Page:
The timeless qualities of top leaders
BUSINESS MATTERS BEYOND THE BOTTOM LINE - Francis J. Kong (The Philippine Star) - March 8, 2020 - 12:00am

“We are now entering the 4th Industrial Civilization” cries this motivational speaker.

Another one says: “We are in the era of digital disruption.” Yet with all the talk about AI, robotics and 5G plus some unfamiliar futuristic terms, some principles remain timeless especially in the area of leadership.

Learn from these two familiar figures in the field of business. One is a speaker and an author while the other one is a practitioner. Take a look at how timeless their principles are. Jack Welch, CEO of General Electric, says that the “Reality Principle” is the most important of all. What this means is the practice of realism in all things. And Brian Tracy gives us a list of what he would consider features and true qualities of top leaders. Who are they? Well, here’s the list:

Top leaders practice intellectual honesty. Realism is a form of intellectual honesty. The realist insists upon seeing the world as it really is, not as he wishes it were. This objectivity, this refusal to engage in self-delusion, is a mark of the true leader.

Top leaders don’t trust luck. Those who exhibit the quality of realism do not trust luck, hope for miracles, pray for exceptions to basic business principles, expect rewards without working or hope that problems will go away by themselves. These all are examples of self-delusion, of living in a fantasyland.

Top leaders see things as they are. The inspiring leader insists on seeing things exactly as they are and encourages others to look at life the same way. As an inspiring leader, you get the facts, whatever they are. You deal with people honestly and tell them exactly what you perceive to be the truth. This doesn’t mean that you will always be right, but you will always be expressing the truth in the best way you know how.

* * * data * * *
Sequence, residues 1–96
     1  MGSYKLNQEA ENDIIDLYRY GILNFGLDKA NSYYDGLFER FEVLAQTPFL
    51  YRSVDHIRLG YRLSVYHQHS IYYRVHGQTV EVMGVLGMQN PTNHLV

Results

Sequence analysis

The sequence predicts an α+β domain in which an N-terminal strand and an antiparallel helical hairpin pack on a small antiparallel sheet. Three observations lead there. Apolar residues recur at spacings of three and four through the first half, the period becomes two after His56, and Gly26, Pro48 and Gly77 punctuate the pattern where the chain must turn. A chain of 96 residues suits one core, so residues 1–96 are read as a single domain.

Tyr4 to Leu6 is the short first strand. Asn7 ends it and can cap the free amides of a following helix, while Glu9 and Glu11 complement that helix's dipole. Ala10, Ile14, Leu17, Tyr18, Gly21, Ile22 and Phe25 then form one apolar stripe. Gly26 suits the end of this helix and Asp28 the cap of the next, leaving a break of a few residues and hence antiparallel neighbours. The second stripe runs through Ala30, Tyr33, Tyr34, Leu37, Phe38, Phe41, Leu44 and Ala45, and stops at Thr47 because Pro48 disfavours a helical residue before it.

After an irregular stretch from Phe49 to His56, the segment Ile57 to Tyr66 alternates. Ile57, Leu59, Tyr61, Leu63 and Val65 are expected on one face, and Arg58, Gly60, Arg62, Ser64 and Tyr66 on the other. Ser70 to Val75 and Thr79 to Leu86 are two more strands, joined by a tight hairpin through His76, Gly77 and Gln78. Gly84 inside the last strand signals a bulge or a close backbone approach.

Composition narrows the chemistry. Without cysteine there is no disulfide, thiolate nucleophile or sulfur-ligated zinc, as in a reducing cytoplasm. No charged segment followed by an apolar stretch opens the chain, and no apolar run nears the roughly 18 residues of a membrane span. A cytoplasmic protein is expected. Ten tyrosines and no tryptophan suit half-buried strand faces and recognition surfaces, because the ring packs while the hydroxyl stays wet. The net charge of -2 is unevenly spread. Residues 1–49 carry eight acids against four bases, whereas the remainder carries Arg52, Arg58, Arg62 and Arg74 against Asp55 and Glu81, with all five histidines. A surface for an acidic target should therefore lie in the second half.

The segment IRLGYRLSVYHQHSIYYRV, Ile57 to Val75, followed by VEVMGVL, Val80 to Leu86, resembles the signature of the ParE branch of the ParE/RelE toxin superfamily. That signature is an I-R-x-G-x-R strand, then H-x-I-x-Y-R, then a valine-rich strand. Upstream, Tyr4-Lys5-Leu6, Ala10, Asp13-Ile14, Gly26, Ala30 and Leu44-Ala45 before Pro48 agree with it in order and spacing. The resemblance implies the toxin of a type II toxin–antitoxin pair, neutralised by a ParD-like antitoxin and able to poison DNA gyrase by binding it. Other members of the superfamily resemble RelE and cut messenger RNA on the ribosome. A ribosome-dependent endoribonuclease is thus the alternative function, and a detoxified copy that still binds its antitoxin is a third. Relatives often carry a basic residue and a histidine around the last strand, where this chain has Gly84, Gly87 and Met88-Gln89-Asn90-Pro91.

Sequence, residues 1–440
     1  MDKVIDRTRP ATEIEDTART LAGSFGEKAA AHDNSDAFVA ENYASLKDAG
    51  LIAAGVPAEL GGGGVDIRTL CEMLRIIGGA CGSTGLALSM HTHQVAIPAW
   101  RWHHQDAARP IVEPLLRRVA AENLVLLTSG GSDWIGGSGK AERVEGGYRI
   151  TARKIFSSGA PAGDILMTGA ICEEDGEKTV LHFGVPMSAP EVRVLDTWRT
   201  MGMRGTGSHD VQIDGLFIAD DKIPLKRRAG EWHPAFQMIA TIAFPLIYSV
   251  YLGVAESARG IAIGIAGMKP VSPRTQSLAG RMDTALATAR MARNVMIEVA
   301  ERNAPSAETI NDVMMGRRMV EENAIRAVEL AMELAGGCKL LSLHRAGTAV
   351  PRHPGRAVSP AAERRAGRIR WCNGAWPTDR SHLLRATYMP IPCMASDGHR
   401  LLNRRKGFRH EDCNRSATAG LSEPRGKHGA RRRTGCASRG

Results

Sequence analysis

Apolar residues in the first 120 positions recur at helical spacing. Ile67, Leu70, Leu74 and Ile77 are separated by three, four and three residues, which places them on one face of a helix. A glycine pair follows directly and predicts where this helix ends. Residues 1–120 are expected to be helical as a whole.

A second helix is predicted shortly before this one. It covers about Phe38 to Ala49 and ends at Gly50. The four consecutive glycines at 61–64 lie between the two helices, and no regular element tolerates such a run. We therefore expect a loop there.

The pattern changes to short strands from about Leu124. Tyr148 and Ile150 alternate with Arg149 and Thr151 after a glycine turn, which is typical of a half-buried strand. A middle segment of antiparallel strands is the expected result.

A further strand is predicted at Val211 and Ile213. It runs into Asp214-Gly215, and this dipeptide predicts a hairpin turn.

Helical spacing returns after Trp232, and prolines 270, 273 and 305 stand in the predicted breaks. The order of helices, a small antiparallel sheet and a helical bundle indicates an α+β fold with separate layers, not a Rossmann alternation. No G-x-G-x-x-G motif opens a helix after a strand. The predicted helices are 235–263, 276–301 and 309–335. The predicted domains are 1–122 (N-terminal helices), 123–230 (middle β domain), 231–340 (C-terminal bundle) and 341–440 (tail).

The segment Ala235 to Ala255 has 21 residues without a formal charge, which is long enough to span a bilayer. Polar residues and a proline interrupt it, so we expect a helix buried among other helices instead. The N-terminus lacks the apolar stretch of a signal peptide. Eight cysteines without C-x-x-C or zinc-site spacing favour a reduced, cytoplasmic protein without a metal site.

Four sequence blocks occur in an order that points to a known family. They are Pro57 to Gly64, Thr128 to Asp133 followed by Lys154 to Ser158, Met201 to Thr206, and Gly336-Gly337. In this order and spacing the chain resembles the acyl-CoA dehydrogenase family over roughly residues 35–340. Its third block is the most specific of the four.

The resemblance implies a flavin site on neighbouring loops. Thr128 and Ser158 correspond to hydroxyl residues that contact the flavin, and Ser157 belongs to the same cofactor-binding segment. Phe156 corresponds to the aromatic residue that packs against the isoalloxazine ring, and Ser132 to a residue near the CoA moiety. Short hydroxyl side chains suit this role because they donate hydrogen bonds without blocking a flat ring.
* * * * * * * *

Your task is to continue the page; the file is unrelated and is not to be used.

Top leaders take responsibility. The second key quality of motivational leadership is responsibility. This is perhaps the hardest of all to develop. The acceptance of responsibility means that, as Harry Truman said, “The buck stops here.”

Top leaders win by a narrow margin. The game of life is very competitive. Sometimes, great success and great failure are separated by a very small distance. In watching the play-offs in basketball, baseball and football, we see that the winner can be decided by a single point, and that single point can rest on a single action, or inaction, on the part of a single team member at a critical part of the game.

Top leaders get the winning edge. Life is very much like competitive sports. Very small things that you do, or don’t do, can either give you the edge that leads to victory or take away your edge at the critical moment. This principle is especially true with regard to accepting responsibility for yourself and for everything that happens to you.

Top leaders refuse to make excuses. The opposite of accepting responsibility is making excuses, blaming others and becoming upset, angry and resentful toward people for what they have done to you or not done for you. Any one of these three behaviors can trip you up and be enough to cost you the game.

Here are two things you can do immediately to put these ideas into action. First, be completely honest and realistic with yourself and every difficult situation in your life. Resolve to face the truth, whatever it is. Don’t wish, hope, pray, ignore or play games with yourself. Second, accept complete responsibility, especially when things go wrong. Refuse to blame others or make excuses. You can tell the strength of your character when you are under pressure. Be calm, controlled and constructive at all times.

Take a handful of peas and a handful of beans and put them in a jar. Now shake up the jar. Shake it well and you’ll find that the peas will go to the bottom of the jar and the beans will wind up on top. Leaders are like beans. They rise to the top when things get shook up. And what about extraordinary leaders? When things get shook up or even when they’re not, they look up! See what I mean?

Young speakers come into the scene all the time. Some of them introduce some fancy ideas that make good rhetoric but are not practical for actual application.  These ones are classic. And as one old famous jean commercial claim: “Classic never goes out of style.” So does leadership principles.

(Attend two inspiring days of leadership training with Francis Kong. His highly acclaimed Level Up Leadership seminar-workshop runs this March 11-12 at Makati Diamond Residences (near Greenbelt 1). For further inquiries or reservations contact April at +63928-559-1798 or register online at www.levelupleadership.ph)

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